The group's bunkering subsidiaries Lanka Maritime Services and Lanka Bunkering Services are parties to the action.
Nanayakkara has filed a fundamental rights case demanding the cancellation of the sale of LMS to John Keells Holdings (JKH) in 2002.
He alleged that the sale of prime land near Colombo port with LMS bunker storage tanks had been done fraudulently and that the effective monopoly given to LMS after privatization was also fraudulent.
JKH profited from the LMS bunker supplier's effective monopoly for several years before it was successfully challenged by the Sri Lanka Shipping subsidiaries in the Appeal Court.
The Attorney General subsequently ruled that other firms with bunkering licences could also sell bunkers to ships in Colombo.
Sri Lanka Shipping, an unsuccessful bidder short-listed for the 90 percent stake in Lanka Marine Services, said in its statement on the court intervention that it was "directly affected" by the alleged irregularity or illegality in the privatization.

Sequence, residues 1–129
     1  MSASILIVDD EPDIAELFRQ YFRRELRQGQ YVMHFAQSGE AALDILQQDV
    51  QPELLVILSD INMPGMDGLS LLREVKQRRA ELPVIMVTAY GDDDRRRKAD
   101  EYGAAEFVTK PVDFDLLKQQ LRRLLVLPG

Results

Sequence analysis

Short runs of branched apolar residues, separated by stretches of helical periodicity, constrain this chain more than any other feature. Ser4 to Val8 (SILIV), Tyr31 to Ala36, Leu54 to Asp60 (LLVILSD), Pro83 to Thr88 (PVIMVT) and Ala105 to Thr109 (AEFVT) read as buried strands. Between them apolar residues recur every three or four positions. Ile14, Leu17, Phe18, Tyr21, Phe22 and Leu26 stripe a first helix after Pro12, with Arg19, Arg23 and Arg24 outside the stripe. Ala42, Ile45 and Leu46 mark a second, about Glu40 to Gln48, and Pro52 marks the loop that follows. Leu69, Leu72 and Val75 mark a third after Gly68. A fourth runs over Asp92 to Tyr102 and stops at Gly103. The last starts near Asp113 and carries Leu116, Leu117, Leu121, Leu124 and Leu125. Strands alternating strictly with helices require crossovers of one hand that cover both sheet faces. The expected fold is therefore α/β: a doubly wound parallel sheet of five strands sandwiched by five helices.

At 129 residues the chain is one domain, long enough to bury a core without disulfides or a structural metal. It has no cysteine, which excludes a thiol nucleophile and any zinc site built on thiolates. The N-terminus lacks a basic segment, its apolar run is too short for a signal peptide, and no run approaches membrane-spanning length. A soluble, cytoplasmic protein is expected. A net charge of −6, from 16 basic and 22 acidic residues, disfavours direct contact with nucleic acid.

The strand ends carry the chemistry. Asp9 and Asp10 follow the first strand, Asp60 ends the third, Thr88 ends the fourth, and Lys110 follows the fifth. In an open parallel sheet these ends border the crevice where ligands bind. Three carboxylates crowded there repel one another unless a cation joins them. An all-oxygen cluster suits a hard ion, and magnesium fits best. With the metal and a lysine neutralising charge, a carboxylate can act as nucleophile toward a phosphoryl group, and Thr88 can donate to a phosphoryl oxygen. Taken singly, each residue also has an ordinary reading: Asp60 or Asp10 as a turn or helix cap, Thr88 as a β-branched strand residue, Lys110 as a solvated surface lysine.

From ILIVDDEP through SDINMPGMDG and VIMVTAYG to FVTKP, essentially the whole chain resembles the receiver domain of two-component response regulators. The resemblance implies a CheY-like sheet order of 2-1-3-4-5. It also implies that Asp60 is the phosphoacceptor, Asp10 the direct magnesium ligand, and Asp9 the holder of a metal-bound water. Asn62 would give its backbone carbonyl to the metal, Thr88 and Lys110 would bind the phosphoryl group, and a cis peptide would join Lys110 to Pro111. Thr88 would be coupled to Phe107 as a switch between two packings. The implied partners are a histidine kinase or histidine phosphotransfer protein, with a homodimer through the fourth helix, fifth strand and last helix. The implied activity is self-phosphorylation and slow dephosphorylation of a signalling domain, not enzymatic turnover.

In the affidavit filed by Mohamed Reza, Managing Director of Sri Lanka Shipping Group of Companies, the firm states that they have been shocked, dismayed and alarmed by the serious allegations contained in the main petition.
This includes the allegation that John Keells Holdings was granted far-reaching and iniquitous favours, concessions or advantages in the LMS sale, without the knowledge or approval of the Cabinet of Ministers or the other bidders, the affidavit said.
Sri Lanka Shipping said it had been assured during the bidding stage that LMS would not retain a monopoly on the import and sale of bunkers after it was privatized.Reza in the affidavit also said that the company believes the LMS privatization was fraudulent and not done in a transparent and equitable manner.